Information About Link Between Zantac and Cancers Caused By NDMA To Be Presented During “Science Day” in MDL

The hearing is intended to educate the court on the scientific concepts involved before the first Zantac bellwether trials begin

The U.S. District Judge presiding over all Zantac cancer lawsuits has scheduled a “Science Day” that will be held in December, at which time the parties will make presentations designed to educate the Court about the recalled heartburn drug and the cancers caused by NDMA, which is a chemical byproduct that contaminated the pills.

Zantac (ranitidine) was a popular heartburn treatment used by millions of Americans before it was recalled from the market in late 2019, following a discovery that the active pharmaceutical ingredient is inherently unstable, and produces high levels of the chemical byproduct N-Nitrosodimethylamine (NDMA), which is a potent human carcinogen.

GlaxoSmithKline, Boehringer Ingelheim, Pfizer, Sanofi and various other manufacturers, distributors and retailers involved in the sale of brand name Zantac or generic ranitidine pills now face more than 100,000 product liability claims brought by former users who allege Zantac caused various types of cancer, including bladder cancer, colorectal cancer, esophageal cancer, breast cancer and others.

Given common questions of fact and law raised in the litigation, all Zantac cases brought throughout the federal court system are centralized before U.S. District Judge Robin L. Rosenberg in the Southern District of Florida, who is presiding over coordinated discovery and pretrial proceedings, including a series of early “bellwether” trials that are designed to help the parties gauge how juries are likely to respond to certain evidence and testimony that will be repeated throughout the claims.

As part of the pretrial proceedings, Judge Rosenberg has established a “bellwether” program, where a small group of representative claims are being prepared for early trial dates in the MD, which are designed to help evaluate the strengths and weaknesses of each side’s position, and promote eventual settlement negotiations.

Throughout the pretrial proceedings, the Court will be asked to rule on a number of matters which will require background knowledge about science related to the heartburn drug and the side effects of NDMA that contaminated Zantac pills.

In a scheduling order (PDF) issued on October 27, Judge Rosenberg announced that the court will hold a Science Day on December 2 at the Paul G. Rogers U.S. Courthouse in West Palm Beach, Florida. Presenters will be required to appear in person, but the proceedings will also be available via Zoom teleconference.

In preparation for the Science Day conference, the Court called for each side to submit 20 scientific studies, and a list of 10 studies each, which the parties believe the Court should focus on most in preparation for the Science Day.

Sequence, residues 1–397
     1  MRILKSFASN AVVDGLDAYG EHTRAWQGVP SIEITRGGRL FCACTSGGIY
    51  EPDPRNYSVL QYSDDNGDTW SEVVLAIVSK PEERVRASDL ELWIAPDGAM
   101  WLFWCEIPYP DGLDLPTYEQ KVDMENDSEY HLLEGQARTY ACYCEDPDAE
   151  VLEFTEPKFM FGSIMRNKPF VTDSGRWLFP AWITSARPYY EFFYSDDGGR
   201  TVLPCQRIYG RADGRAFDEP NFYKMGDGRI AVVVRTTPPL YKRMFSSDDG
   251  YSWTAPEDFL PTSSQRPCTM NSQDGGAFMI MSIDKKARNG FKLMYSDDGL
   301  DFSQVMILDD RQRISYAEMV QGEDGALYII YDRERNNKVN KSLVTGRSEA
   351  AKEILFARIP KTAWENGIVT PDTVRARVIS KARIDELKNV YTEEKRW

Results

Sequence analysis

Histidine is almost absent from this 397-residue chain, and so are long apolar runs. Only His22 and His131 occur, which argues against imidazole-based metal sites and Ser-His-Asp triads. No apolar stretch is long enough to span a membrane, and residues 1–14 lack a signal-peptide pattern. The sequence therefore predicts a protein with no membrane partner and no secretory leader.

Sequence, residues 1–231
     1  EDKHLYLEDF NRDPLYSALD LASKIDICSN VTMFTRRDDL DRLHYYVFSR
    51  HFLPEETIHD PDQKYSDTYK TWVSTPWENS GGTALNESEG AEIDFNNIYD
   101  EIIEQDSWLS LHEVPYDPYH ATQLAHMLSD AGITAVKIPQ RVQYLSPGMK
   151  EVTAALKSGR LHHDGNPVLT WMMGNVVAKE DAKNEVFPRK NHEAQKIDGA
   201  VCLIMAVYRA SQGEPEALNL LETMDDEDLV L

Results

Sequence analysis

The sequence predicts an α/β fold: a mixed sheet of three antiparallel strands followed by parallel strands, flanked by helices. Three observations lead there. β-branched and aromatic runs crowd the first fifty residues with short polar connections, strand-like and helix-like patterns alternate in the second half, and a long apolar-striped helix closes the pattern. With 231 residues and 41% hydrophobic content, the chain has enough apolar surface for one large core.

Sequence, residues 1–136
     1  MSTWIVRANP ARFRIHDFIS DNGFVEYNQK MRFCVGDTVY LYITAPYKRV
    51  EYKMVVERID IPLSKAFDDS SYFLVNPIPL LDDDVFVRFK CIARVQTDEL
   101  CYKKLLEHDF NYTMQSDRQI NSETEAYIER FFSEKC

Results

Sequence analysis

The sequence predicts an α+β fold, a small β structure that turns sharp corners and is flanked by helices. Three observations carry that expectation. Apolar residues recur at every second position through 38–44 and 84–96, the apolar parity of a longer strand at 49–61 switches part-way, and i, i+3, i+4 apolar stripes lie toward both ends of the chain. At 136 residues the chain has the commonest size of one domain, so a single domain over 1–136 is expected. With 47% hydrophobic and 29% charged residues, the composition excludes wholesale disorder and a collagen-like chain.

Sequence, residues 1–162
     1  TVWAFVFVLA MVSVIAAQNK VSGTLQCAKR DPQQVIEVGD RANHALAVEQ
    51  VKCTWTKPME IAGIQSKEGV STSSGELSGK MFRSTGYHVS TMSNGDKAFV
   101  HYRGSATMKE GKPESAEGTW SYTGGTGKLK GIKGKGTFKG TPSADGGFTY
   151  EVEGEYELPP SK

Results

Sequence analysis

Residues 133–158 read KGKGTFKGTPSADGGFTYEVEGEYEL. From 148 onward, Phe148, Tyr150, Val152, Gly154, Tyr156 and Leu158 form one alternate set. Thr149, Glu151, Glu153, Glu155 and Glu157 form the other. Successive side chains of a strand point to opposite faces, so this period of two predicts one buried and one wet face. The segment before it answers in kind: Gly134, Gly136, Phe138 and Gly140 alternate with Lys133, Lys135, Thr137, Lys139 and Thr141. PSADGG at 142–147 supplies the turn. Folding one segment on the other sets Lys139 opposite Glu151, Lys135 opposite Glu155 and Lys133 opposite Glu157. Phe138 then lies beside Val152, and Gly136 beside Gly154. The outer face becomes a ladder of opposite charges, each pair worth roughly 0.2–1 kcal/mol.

On the Science Day itself, the parties will instruct the Court about how it should review and understand the presented information about Zantac and cancers caused by NDMA, such as providing details about the scientific terminology and statistical analysis concepts, before giving their presentations.

“The parties’ presentations are intended for the Court’s education and foundation only,” Judge Rosenberg wrote. “The parties agree that the presentations may not be used for deposition, discovery, motion practice, or otherwise.”

Zantac Cancer Concerns Emerged in Late 2019

Public concerns about the link between Zantac and cancer first emerged in September 2019, when an online pharmacy discovered that each pill may expose users to levels of NDMA that are drastically higher than the permissible and safe. The FDA has previously found that the daily safe limit for NDMA exposure is only 96 nanograms (ng). However, pills tested by the independent pharmacy found that users may be exposed to more than 3 million nanograms from each Zantac pill.

Investigations have confirmed the problems were not caused by contamination or changes in the manufacturing process, but appear to be part of the inherent molecular structure of the active pharmaceutical ingredient in Zantac, ranitidine.

Plaintiffs allege the manufacturers of Zantac knew or should have known about these problems for decades, yet aggressively marketed and sold brand-name prescription, generic and over-the-counter versions of Zantac for years, without warning users that it may cause them to develop cancer.

Following coordinated pretrial proceedings before Judge Rosenberg, if the parties fail to reach Zantac settlements or another resolution for the claims, thousands of individual cases may end up remanded back to U.S. District Courts nationwide for individual trial dates in the coming years.


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